Investing in bonds? Analyzing related fixed-income investments? You will want to know this little bit of trivia: Excel gives six functions that enable you to make bond coupon day calculations easier:

COUPDAYBS,

COUPDAYS,

COUPDAYSNC,

COUPNCD,

COUPNUM, and

COUPPCD.

**Some Background Information on the Bond Coupon Time Functions**

All six coupon time functions use four normal arguments: the settlement time, the maturity

date, the regularity, and the foundation.

The settlement day specifies the day the relationship is settled, or bought. The maturity date

specifies the time the relationship matures, or expires. You might enter these day arguments either as text message strings enclosed in quotation marks or as serial time values.

The frequency argument provides number of coupon obligations made every year: you specify 1 to point an twelve-monthly coupon, 2 to point a semiannual discount, and 4 to point a quarterly coupon.

The basis argument specifies the quantity of days and nights in the month and time assumed for the time calculations. You specify the foundation as 0 for the united states (or NASD) variation of thirty days in per month and 360 times in a season; as 1 for using the number of days and nights in the month and genuine number of days; 2 for some of the number of days and nights in the month but 360 times in a year; 3 for some of the number of days and nights in the month and 365 times in a yr; and 4 for the European version of thirty days in per month and 360 days and nights in a year.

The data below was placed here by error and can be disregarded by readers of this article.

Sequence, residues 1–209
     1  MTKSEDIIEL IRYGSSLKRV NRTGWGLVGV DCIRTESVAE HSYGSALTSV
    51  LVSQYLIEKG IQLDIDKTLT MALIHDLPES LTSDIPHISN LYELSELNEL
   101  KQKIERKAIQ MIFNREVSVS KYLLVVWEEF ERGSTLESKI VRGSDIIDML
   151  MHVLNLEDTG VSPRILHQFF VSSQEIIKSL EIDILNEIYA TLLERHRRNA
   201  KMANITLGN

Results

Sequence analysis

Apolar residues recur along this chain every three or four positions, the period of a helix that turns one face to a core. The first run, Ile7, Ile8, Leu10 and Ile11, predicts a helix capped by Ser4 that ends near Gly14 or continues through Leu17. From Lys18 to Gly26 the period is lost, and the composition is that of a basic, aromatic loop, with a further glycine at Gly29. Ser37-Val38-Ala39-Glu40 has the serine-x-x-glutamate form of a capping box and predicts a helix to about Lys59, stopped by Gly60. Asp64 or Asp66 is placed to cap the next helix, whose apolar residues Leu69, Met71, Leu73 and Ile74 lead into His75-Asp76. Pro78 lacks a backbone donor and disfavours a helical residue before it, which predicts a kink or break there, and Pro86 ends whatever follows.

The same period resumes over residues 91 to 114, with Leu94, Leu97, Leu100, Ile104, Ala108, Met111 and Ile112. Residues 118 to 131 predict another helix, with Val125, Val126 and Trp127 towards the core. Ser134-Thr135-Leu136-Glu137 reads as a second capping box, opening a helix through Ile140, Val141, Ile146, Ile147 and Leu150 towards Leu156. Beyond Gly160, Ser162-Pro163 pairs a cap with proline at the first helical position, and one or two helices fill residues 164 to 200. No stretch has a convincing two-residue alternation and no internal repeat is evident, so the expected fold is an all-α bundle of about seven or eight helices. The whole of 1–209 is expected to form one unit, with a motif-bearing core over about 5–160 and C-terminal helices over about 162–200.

NOTE Excel uses simply the integer part of the arguments you source to the add-in coupon

date functions. In the event that you enter a disagreement with decimal ideals, Excel truncates the argument to merely its integer component.

**Common Bond Coupon Day Function Errors**

The coupon time functions return one value in a number of predictable cases:

If you are using an invalid time, Excel returns #VALUE.

If you are using a frequency argument apart from 1, 2, or 4, Excel returns #NUM.

If you are using a day-count-basis switch apart from 0, 1, 2, 3, or 4, Excel returns #NUM.

If the settlement evening follows the maturity day, Excel returns #NUM.

**Using the COUPDAYBS Function**

The COUPDAYBS function calculates the amount of days from the previous coupon payment day to the settlement time given the settlement day, maturity date, coupon rate of recurrence, and basis. It uses the next syntax:

COUPDAYBS (settlement, maturity, rate of recurrence,basis)

For example, suppose you would like to calculate the quantity of days from the previous coupon payment

date to the settlement time in the next situation: Someone buys a 10-year relationship on November 26, 2000, with a maturity day of April 30, 2008. The bond pays discount codes twice a year predicated on the united states, or NASD, assumption. To create this calculation, you utilize the following formula:

COUPDAYBS (“11/26/2000″,”4/30/2008”,2,0)

The function returns the worthiness 26.

**Using the COUPDAYS Function**

The COUPDAYS function calculates the quantity of days in the discount period which includes the settlement time given the settlement day, the maturity time, the coupon frequency, and

the working day count basis. It uses the next syntax:

COUPDAYS (settlement, maturity, frequency, basis)

For example, suppose you intend to calculate the amount of days in the discount payment in

the following situation: An individual purchases a 10-calendar year bond on November 26, 2000, with a

maturity time of April 30, 2008. The relationship pays its voucher twice a year predicated on the US, or

NASD, assumption. To create this calculation, you utilize the following formula:

=COUPDAYS(“11/26/2000″,”4/30/2008”,2,0)

The function returns the worthiness 180.